Sunday, June 10, 2012

Sap’s on Saturday, 6-9-2012

I was desperate for a Sap’s Fine Thai Cuisine fix after being out of the saddle for over 3 weeks, and the knee was up to a little travel, so buddy Art and I dropped in to sample some killer Thai fare. We started with a couple of crunchy Sap Rolls (S-A1), crispy, flaky fried tubes of rice paper stuffed with transparent mung bean noodles, shredded green cabbage, cloud ear fungus, and bamboo shoots, served with a sweet-sour honey plum sauce. I also added a bit of the green chile garlic sauce that comes with the Nuer Ob, which spiced it up nicely.



That got the buds going, so we next opted for Tom Khlong Gai (S-NS15), the tom yum on steroids that we love so much. We delete the noodles and get it with rice on the side instead. It starts with a rich chicken stock to which is added fire-grilled slices of galangal, shallots, and garlic, for a roasted aromatics flavor. Then it gets fresh bamboo shoots, lemongrass, makroot leaves, lime juice, and Thai basil. Right before service it gets thin slices of chicken, and the top is swirling with roasted dried Thai chiles and some cilantro. It is probably their spiciest soup, and always a tough call between it, and their superlative Tom Kha (S-P11) coconut cream-galangal, and the complex Guay Teaw Tom Yum Moo (S-NS14).




For a curry we selected the Yellow Curry with Beef, Gaeng Garee Nuea (S-P3). The word “garee” is an Indian Tamil word from which the English word “curry” is derived. Any Thai dish that has the word garee in it will contain curry powder, a Thai variant of the Indian spice blend, containing coriander, turmeric, cumin, fenugreek, red pepper, and many other dried spices, in a chicken broth with slices of tender beef, coconut milk, potato, onion, a touch of palm sugar, fish sauce, and other ingredients. It’s a great way to soothe the taste buds after the spicy soup. Bangkok, for example, has a large Indian population doing business next to Chinatown, dealing primarily in the textile trade (and the best place to eat fried curry puffs on the street). It’s easy to see how this dish was imported and then adapted by Thai cooks to make it their own.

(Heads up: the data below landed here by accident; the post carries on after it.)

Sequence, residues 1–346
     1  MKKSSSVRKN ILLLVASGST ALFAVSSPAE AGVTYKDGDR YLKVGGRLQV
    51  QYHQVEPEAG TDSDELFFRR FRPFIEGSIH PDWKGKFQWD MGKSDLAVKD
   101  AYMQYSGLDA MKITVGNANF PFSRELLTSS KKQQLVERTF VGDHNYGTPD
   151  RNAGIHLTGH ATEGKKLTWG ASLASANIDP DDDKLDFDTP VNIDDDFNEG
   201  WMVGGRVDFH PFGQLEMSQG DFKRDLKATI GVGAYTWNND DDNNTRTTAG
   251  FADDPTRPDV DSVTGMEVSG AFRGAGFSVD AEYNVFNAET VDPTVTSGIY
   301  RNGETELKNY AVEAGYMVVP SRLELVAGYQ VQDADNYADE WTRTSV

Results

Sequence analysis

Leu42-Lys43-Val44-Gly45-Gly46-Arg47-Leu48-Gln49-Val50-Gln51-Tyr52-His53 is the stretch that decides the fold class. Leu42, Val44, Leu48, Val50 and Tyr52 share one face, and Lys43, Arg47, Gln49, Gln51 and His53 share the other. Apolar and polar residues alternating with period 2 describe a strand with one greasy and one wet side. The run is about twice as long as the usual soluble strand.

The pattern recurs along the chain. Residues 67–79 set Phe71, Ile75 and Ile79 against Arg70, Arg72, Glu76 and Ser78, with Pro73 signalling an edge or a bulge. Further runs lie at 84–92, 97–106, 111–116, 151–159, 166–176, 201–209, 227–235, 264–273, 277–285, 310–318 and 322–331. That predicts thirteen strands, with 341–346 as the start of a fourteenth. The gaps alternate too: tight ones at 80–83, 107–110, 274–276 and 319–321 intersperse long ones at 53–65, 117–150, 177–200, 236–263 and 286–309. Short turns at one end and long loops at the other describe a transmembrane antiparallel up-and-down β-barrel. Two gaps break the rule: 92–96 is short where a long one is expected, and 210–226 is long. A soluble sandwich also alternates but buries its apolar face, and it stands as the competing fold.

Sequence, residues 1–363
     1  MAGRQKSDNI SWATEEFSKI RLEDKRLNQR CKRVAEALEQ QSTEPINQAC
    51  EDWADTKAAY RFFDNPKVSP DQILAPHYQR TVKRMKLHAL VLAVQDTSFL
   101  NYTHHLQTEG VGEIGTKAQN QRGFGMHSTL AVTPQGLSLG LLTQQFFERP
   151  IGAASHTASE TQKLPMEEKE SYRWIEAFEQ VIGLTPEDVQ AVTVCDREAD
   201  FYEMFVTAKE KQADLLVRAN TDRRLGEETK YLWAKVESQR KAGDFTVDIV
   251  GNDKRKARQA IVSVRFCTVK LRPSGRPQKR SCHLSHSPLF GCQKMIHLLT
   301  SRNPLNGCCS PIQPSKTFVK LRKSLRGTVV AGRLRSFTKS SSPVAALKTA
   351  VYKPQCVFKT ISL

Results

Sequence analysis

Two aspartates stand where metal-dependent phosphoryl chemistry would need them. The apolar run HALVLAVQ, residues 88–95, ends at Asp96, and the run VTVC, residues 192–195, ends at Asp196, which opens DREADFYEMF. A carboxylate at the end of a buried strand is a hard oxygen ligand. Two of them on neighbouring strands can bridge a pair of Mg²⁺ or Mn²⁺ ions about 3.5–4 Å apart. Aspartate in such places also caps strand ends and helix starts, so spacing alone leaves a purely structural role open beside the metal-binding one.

I’m a sucker for Noodle Lord (S-G5) when it comes to noodle time. It’s an adaptation of a street food dish that uses the ingredients wrapped inside a sheet of steamed rice noodle, and rolled up like an enchilada. It then gets a topping of sweet soy, fish sauce, chile, and fried garlic, before you eat it sloppily using a bamboo skewer. I like to add ground pork, which blends perfectly with the heaping bowl full of wide, flat sen yai noodles, shitake mushroom slices, cloud ear fungus, sprouts, bamboo shoots, and fried strips of dry-spiced tofu. The bowl gets dressed with a blend of sweet soy-fish sauce-nahm prik roasted chile, and then topped with cilantro and fried garlic bits. A light toss of serranos in vinegar from the condiment rack and it’s ready to go.



We also chose Pla Sarm Rod (S-P40), which is a pound of tilapia filets lightly fried and coated with “3 flavor sauce”. When the effete TV foodies speak of “caramelized fish sauce”, this is what they are talking about, a sauce made from palm sugar and fish sauce cooked down to an almost syrup-like consistency, and the sweetness balanced perfectly with a bit of fruity, sour tamarind. It gets some braised onion slices, a dab of chile, and Thai basil. This is a fantastic, balanced dish!





We sampled all of the great ice creams (sorry, no pics as it was just a taste) they are serving now, and were blown away by all, especially the strawberry and the coconut. A much appreciated and needed Thai food fix after being cooped up from knee replacement surgery…I was jonesing BAD! I left Sap’s a very happy satiated dude.

Mick Vann ©  


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